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Lietzke at 50 and Hes Ready to Roll

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The rookie from Beaumont, Tx., came roaring down Interstate 10, crossing the California state line and inching up on Palm Springs. He had asked somebody back in Arizona how to get to Riviera Country Club, and he listened intently to the reply: just go past Palm Springs toward Los Angeles, you cant miss it.
 
So, just outside of Palm Springs, he saw what looked like a satisfactory hotel. Hmmm, I guess Ill stay here, he thought.
 
He went inside, got the room and unpacked. He marched out ready to go, stopping by the front desk to ask directions to Riviera.
 
The hotel staff exchanged puzzled glances. Well, the clerk said, theres a golf course a couple of miles away. She wasnt certain of its name. Would the young man want to play there?
 
Bruce Lietzke stumbled and stammered momentarily ' was this not the Los Angeles Open? Was not Riviera just up the street someplace?
 
No, the desk clerk said kindly, Riviera isnt up the street. I found out that I was about 90 miles away, said Lietzke. Boy, I found out in a hurry that Los Angeles is a lot more spread out than Beaumont.
 
Lietzke plays the PGA Tour for the final time at the MasterCard Colonial. He is 49, almost 50, and he says he might play a regular tour event or two in the future, but he is a confirmed Senior Tour rookie at the conclusion of this event. And no more bonehead moves, he said with a laugh, remembering that first Los Angeles trip back in 1975.
 
Lietzke has been looking forward to this week since the mid-80s. In 1988 he was certain the Senior Tour was here to stay. He had his children after marrying at 30 and with both nearly fully grown, he can play and do a little sight-seeing. He has long been known as the player who takes long stretches off, only to come out and play some pretty decent golf. He then retreats to his wife and children again, only to peek out long enough to return to golf long enough to make a nice check.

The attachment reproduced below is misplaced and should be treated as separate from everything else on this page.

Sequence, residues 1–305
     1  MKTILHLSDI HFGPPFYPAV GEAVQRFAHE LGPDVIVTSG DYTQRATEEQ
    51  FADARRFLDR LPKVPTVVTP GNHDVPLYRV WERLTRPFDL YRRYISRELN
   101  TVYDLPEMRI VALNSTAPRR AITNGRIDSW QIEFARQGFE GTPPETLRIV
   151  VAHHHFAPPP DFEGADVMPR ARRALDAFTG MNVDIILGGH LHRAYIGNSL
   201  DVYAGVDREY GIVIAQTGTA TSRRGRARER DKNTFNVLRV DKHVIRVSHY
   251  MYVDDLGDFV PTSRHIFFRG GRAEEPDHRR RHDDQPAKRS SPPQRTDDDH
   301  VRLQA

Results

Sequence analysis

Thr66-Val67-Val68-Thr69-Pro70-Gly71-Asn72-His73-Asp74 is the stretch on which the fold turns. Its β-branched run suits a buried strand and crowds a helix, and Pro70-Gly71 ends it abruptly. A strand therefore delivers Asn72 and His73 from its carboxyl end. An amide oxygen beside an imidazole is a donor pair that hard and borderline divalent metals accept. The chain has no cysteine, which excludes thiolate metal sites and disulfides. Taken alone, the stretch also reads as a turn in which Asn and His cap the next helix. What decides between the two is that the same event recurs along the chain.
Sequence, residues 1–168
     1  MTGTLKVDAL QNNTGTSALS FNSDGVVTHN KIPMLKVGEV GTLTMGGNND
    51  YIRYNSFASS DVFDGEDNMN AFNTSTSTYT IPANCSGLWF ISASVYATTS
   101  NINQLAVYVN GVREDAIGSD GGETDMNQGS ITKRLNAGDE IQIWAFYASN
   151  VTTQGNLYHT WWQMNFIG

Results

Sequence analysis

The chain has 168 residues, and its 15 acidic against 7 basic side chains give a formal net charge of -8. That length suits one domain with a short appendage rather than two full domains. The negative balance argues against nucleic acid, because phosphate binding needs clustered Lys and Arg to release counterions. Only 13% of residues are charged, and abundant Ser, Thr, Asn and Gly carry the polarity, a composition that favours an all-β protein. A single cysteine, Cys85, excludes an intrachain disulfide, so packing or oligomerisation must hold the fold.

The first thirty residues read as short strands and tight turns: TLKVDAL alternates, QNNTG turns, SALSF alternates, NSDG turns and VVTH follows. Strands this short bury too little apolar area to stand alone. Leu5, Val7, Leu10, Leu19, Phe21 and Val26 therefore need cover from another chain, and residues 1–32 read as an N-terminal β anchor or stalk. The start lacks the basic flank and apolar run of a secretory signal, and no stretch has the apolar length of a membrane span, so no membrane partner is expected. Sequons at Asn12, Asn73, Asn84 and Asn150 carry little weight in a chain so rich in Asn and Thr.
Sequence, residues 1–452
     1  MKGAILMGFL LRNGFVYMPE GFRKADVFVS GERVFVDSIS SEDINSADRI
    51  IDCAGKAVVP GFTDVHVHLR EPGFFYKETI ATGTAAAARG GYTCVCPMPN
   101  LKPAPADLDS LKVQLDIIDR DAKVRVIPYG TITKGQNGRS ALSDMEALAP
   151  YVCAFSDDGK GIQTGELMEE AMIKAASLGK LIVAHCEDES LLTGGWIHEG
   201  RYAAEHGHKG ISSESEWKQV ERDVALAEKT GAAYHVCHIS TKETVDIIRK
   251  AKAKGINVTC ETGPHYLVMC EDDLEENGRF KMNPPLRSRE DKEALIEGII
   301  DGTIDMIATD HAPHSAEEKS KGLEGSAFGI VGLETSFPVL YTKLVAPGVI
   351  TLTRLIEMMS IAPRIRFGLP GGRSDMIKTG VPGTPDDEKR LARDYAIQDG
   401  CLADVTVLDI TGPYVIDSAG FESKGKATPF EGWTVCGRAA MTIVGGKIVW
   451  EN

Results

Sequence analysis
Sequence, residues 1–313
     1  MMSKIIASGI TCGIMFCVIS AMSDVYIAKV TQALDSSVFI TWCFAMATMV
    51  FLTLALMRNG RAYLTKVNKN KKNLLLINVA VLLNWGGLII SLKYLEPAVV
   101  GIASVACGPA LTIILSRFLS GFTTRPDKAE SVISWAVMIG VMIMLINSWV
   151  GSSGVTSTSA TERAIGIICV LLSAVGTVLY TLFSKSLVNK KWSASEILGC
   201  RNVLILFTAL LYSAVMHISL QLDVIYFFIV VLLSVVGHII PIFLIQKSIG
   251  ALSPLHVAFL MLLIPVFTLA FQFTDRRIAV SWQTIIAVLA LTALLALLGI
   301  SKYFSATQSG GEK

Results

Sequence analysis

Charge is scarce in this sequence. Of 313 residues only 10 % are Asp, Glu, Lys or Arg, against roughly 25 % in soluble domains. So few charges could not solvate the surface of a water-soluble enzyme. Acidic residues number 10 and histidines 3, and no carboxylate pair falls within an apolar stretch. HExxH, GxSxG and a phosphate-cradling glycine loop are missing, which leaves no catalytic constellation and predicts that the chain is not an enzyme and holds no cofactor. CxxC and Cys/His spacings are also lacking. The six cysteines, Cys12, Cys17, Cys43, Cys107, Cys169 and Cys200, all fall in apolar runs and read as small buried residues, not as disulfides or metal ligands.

There was a time when he did it differently. The first eight years, he played a normal schedule. When his eldest, son Steven, was born in 1983, he drastically reduced his schedule. A year when he played 12 tournaments was a big deal.
 
By cutting back, though, he saved something that perhaps other golfers dont have. He has had a full family life, enjoyed several hobbies, coached his sons softball and golf teams.
 
I think that if I had continued ' I played eight full campaigns and then my kids came along ' if my kids had not come along and I had maintained that pace for a few more years, I could have had four or five more excellent years of winning, he said. He had nine wins his first eight years, only four his last 17. However, he perfected the art of playing a little and winning a lot.
 
Lietzke has been the ultimate homebody. If he hadnt been so inactive, I think I would have left the tour in 1990, he said.
 
If you continue to push yourself ' and I did push myself for eight years ' I think my enthusiasm would have waned somewhere. I have no regrets. I did exactly what I wanted to do. I was able to have a family ' to be a father and a husband, which became way more important that golf.
 
Despite playing so seldom, he finished 16th on the money list in 1992 and was as high as 79th in 98. Now, though, theres some pressing business to take care of.
 
Ive got another place to go out and chase my dreams, he said. Golf probably isnt going to be my No. 1 priority anymore, but I can continue to play the game that I love. I dont do anything else. I dont have a business. I dont design courses or anything like that. Tournament golf is all Ive ever known, and the Senior Tour gives me a chance to do that.
 
Most Senior events began Fridays instead of Thursdays, so Lietzke and wife Rosemarie can take full advantage of sight-seeing. Hes going to see a lot of things he missed on the regular tour, things that he was just too busy to see.
 
July 18th is the day he turns 50. Get the RVs ready. Bruce is loose, and hes headed your way.